Towards the end of the week many of us needed supplies to complete our products. We made a trip to Norrkoping’s amazing electronics supplies Kjell&Co. Ardino boards, discrete mp3 players and small headphones where purchased. In the limited time available I decide to use a ready made sound systems but intend to develop a specifically programmed ardino board for the next phase—the residency in 2017.

Quote of the week

 I am happy to hear you are doing fine. (2)
  1. Excerpt from Daniel Petz’s proposal for the residency/workshop.
  2. From the Roy Andersson’s film A Pigeon Sat on a Branch Reflecting on Existence (Swedish: En duva satt på en gren och funderade på tillvaron), 2014.


From within this artist guest-­worker position, we will work on the factory floor, maintaining the same hours as the other workers and in equal view of the tourists, to develop and produce a series of non-­functional products in response to the situation of our own labour and the labour of others around us [tourists, tour guides, factory workers, administrators, shoppers, sales people, museum staff, etc]. (1)

We had a very intensive week in the factory starting each morning at 6:15am with the glass workers. We positioned ourselves in a very orderly fashion behind the tourist view space. We are there to be viewed and observed by the tourists, glass workers and management. The days have been filled with group exercises/workshops, meditation, conceptual challengers and collaborative discussion about each persons proposed product development. Nothing is out of bounds and there is so much opportunity to develop ideas individually as well as through the supportive critical feedback of the group. Slowly we are starting to get to know the glass workers and this allows for an opportunity to understand from the other side.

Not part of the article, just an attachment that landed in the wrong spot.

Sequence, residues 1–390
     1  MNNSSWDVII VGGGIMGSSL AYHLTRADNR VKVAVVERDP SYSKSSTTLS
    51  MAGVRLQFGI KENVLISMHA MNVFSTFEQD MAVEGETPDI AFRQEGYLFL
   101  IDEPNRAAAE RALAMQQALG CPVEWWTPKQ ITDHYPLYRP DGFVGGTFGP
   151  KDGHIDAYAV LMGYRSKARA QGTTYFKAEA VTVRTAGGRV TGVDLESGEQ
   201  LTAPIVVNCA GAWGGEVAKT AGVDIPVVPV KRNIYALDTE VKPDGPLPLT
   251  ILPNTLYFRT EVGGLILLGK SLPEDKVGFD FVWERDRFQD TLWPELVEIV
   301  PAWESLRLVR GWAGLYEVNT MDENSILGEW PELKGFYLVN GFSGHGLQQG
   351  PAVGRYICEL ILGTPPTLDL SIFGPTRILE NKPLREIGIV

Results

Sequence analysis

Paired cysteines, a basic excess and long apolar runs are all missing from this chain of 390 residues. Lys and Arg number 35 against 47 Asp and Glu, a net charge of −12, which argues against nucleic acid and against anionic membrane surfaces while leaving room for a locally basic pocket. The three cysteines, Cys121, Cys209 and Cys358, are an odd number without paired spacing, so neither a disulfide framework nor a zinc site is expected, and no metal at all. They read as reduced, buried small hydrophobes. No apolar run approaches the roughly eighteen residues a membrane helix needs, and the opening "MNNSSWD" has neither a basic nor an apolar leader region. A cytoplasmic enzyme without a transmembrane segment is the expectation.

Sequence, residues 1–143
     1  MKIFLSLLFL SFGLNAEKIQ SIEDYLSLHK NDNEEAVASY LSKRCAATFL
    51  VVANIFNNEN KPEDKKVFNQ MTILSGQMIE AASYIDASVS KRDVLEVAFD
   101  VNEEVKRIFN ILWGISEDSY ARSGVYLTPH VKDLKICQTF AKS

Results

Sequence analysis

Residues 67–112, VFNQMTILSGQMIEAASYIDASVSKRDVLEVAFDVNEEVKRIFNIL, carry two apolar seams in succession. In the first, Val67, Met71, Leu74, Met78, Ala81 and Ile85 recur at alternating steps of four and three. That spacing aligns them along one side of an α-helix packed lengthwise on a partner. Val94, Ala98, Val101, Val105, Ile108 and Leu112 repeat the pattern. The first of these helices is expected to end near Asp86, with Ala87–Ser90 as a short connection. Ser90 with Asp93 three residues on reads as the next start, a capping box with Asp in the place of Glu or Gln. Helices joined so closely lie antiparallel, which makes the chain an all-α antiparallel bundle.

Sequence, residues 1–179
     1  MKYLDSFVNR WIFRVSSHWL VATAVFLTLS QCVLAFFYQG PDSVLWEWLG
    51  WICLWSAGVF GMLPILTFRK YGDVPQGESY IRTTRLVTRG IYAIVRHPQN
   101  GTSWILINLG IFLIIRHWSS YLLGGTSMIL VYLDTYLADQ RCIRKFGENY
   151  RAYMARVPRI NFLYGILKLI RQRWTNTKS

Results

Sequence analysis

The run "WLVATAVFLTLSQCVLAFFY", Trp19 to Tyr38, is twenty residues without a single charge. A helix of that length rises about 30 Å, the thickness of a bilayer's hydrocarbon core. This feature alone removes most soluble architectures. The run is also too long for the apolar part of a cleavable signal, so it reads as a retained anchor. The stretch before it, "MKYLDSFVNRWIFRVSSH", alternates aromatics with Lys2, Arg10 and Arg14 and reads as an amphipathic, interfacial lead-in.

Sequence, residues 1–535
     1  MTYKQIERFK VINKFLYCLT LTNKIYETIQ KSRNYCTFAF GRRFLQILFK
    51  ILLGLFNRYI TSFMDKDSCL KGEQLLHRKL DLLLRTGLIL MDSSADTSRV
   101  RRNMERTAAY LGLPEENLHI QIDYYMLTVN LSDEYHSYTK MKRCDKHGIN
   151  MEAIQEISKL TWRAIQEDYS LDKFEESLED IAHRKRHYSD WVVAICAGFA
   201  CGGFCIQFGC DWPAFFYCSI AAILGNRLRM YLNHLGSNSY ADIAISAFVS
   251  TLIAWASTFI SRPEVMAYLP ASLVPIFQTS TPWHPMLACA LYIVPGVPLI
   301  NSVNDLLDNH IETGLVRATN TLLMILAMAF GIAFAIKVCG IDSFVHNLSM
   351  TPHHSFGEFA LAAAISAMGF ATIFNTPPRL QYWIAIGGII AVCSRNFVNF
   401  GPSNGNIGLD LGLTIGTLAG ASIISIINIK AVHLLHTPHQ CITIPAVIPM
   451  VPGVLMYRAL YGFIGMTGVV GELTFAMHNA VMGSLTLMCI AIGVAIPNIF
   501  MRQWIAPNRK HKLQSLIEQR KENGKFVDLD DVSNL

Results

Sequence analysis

Things I have noticed and thought about since arriving at the glass factory this week:

  • The glass workers move their bodies a lot…never remaining long in the same position – whether they are sitting or standing.
  • There is a significant relationship between the blower and the other - they are tied together in a symbiotic relationship. They need each other.
  • They work off signals both verbal and non-verbal body movements. A lot of sensing between the two eg. a tap of the blowers foot means the wooden form is to open.
  • Audio recording the glass blowing and breaking process…a form of eaves dropping …the works that are not perfect
  • Continuous running water tap always at the ready for the glass blower.

Alongside the very full days the group come together in the evening for a swim at a, still chilly, lake. Then we meet again for a meal together, lovingly prepared by one of the artists. And occasionally, a short or long walk through the farming lands and woods before going to bed in full daylight.


Sissi Westerburg -SWE; Daniel Peltz -­USA/SWE; Alex Auriema -­USA, Filip Olszewski -­USA; Robyn Backen – AUS

 1 . Excerpt from Daniel Petz’s proposal for the residency/workshop